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Late 20th century style cigars

EllenJEllenJ Posts: 14

Thanks everyone for great replies to my Cusano Celebrity question.
Here's another "question no one ever seems to address"...

I'm looking for advice on a cigar for me. Easy enough; the innernut is full of that. Problem is that I'm a '90s guy in a '20s world. Actually, it's worse, I'm a '60s guy. I remember when Road & Track was about Ferrari, Lotus, Formula One, and Sterling Moss. You bought the mag and drooled over the wonderful cars you couldn't afford. Flash forward to today and I can at least afford a good cigar, but when I seek advice on what to sink twenty to fifty bucks into I find myself in the age Camaro ZL1, NASCAR, and Sterling Marlin. Oh, Road & Track is still here, but the featured story is, "Top Five Big Block Pickup Trucks!" 
YEAH!! 

Okay, so you see I don't want a cigar whose claim to fame is that it delivers enough pure nicotine punch to knock out an elephant. I don't want a cigar I have to work my up to being man enough to handle.
I just want a cigar with some sophistication. I want to be amazed, not anesthetized. 

As a clue to what I already like, I prefer Grupo de Maestros' version of MONTE to A.J.'s (although I love other Fernández creations) and my absolute favorite cigar right now is Camacho 1962 PE. 

HELP ME!
Okay, let the feeding frenzy begin 

Oh, and does Camacho (or anyone) make a cigar that tastes similar to the 1962 PE without the Cuban claim? That is, if Cuban tobacco isn't really a factor in that cigar's flavor then is there another cigar that tastes like that? I know, I squeezed that into this topic instead of opening a new one, but they ARE kinda related. I guess the moderator will split them up if necessary.

Comments

  • GaryThompsonGaryThompson South CarolinaPosts: 944 ✭✭✭✭✭

    @EllenJ said:
    Thanks everyone for great replies to my Cusano Celebrity question.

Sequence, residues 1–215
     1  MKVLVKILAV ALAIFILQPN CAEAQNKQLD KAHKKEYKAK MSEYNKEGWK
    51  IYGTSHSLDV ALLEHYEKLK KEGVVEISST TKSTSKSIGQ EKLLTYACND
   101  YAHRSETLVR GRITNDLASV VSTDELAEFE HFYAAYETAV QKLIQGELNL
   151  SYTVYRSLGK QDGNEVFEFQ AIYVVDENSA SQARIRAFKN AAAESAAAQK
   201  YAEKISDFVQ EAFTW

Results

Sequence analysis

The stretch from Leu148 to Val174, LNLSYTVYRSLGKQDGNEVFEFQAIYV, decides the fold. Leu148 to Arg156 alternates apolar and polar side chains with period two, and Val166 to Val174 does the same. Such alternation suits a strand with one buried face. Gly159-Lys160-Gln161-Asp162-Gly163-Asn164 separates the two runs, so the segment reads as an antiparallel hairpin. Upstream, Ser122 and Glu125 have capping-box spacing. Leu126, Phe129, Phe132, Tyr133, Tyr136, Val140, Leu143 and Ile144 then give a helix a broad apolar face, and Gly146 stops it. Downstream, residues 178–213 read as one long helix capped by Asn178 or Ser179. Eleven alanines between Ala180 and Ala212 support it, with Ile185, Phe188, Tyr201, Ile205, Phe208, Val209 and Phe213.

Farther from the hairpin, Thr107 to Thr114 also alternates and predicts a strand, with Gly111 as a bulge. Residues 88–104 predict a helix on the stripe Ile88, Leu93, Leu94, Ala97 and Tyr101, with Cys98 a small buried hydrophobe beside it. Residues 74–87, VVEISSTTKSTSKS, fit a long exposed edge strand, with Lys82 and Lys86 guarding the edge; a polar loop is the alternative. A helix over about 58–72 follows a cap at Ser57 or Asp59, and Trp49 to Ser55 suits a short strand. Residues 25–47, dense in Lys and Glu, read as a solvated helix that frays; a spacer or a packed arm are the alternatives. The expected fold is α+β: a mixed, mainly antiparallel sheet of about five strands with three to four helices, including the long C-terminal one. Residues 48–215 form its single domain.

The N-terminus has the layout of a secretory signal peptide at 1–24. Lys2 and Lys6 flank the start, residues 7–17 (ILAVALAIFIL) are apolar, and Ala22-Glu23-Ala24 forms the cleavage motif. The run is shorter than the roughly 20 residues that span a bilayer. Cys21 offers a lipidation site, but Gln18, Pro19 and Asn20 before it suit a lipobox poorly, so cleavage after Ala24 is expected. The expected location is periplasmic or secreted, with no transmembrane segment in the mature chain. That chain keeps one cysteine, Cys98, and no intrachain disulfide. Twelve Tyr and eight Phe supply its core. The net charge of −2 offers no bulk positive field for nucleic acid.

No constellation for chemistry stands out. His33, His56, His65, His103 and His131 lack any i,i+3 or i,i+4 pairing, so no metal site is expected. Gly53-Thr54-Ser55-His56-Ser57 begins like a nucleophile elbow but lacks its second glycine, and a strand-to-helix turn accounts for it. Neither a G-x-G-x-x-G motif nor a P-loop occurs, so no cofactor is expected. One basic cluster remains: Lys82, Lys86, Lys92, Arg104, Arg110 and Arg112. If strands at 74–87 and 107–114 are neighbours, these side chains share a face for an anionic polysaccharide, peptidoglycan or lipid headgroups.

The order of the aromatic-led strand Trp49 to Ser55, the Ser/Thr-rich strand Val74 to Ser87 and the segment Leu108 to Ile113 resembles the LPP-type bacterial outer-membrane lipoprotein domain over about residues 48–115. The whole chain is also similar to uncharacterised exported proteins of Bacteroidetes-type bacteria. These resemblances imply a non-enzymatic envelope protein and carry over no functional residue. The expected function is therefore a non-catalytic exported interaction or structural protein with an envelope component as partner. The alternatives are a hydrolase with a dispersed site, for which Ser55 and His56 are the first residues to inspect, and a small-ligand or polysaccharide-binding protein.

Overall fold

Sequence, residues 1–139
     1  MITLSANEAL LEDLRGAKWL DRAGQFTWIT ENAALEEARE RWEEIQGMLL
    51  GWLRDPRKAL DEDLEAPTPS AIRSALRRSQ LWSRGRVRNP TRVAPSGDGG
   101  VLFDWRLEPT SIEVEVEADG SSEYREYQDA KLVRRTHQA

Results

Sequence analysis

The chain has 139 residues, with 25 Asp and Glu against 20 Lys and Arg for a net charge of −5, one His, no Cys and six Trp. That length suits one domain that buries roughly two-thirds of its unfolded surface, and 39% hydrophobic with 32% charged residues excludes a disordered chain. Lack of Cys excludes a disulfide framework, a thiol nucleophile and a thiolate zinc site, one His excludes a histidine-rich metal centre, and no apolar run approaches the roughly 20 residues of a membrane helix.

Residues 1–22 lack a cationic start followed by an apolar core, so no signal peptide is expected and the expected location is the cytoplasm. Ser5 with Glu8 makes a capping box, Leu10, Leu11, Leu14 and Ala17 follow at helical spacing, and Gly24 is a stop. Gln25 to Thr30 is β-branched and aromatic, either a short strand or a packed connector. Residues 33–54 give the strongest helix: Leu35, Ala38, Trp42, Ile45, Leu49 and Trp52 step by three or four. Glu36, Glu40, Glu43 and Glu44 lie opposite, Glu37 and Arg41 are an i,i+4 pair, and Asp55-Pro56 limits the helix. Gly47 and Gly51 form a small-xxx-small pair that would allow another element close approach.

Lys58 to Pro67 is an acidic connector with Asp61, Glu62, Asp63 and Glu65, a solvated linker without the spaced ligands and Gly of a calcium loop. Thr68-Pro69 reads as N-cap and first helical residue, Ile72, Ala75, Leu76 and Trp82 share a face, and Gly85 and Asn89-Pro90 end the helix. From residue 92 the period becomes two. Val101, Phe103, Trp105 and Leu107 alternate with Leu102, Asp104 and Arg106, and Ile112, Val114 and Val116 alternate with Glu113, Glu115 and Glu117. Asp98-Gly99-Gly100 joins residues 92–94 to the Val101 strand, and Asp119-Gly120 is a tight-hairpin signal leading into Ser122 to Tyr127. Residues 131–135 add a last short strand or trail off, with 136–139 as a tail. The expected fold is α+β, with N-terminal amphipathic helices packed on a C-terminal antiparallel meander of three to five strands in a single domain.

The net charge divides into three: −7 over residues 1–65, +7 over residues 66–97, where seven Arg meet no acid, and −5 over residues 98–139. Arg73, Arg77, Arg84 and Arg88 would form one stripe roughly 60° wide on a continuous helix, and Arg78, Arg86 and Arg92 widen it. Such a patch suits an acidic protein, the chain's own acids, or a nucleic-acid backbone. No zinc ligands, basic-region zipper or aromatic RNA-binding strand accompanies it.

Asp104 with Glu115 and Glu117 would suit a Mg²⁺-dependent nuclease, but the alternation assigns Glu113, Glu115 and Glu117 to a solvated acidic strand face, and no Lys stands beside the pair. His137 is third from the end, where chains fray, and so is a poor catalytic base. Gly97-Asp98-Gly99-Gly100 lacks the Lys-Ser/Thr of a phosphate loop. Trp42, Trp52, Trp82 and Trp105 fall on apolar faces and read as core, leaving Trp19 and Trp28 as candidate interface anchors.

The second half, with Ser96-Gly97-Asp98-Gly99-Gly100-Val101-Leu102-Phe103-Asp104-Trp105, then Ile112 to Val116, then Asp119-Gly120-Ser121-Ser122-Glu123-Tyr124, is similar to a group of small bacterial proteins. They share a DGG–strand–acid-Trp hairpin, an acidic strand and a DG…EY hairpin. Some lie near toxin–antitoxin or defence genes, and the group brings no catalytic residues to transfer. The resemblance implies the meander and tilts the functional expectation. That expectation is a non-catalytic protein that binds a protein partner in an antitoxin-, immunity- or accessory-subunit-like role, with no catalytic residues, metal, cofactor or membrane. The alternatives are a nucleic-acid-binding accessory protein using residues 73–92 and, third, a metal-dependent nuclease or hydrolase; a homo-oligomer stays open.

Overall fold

Here's another "question no one ever seems to address"...

    I'm looking for advice on a cigar for me. Easy enough; the innernut is full of that. Problem is that I'm a '90s guy in a '20s world. Actually, it's worse, I'm a '60s guy. I remember when Road & Track was about Ferrari, Lotus, Formula One, and Sterling Moss. You bought the mag and drooled over the wonderful cars you couldn't afford. Flash forward to today and I can at least afford a good cigar, but when I seek advice on what to sink twenty to fifty bucks into I find myself in the age Camaro ZL1, NASCAR, and Sterling Marlin. Oh, Road & Track is still here, but the featured story is, "Top Five Big Block Pickup Trucks!" 
    YEAH!! 

    Okay, so you see I don't want a cigar whose claim to fame is that it delivers enough pure nicotine punch to knock out an elephant. I don't want a cigar I have to work my up to being man enough to handle.
    I just want a cigar with some sophistication. I want to be amazed, not anesthetized. 

    As a clue to what I already like, I prefer Grupo de Maestros' version of MONTE to A.J.'s (although I love other Fernández creations) and my absolute favorite cigar right now is Camacho 1962 PE. 

    HELP ME!
    Okay, let the feeding frenzy begin 

    Oh, and does Camacho (or anyone) make a cigar that tastes similar to the 1962 PE without the Cuban claim? That is, if Cuban tobacco isn't really a factor in that cigar's flavor then is there another cigar that tastes like that? I know, I squeezed that into this topic instead of opening a new one, but they ARE kinda related. I guess the moderator will split them up if necessary.

    Hi. Above my pay grade but glad you asked and curious to see the answers. Have a great day.

  • VisionVision Posts: 7,535 ✭✭✭✭✭

    Do you create video content and or edit videos?

  • peter4jcpeter4jc Milwaukee, WIPosts: 12,859 ✭✭✭✭✭

    If you can still find them, try the JdN Numero Uno. Medium at most in strength/body, Full in flavor and nuance. Thank me later.

    "I could've had a Mi Querida!"   Nick Bardis
  • EllenJEllenJ Posts: 14

    @deadman
    "...you don’t work in anyway with or for Camacho do you?"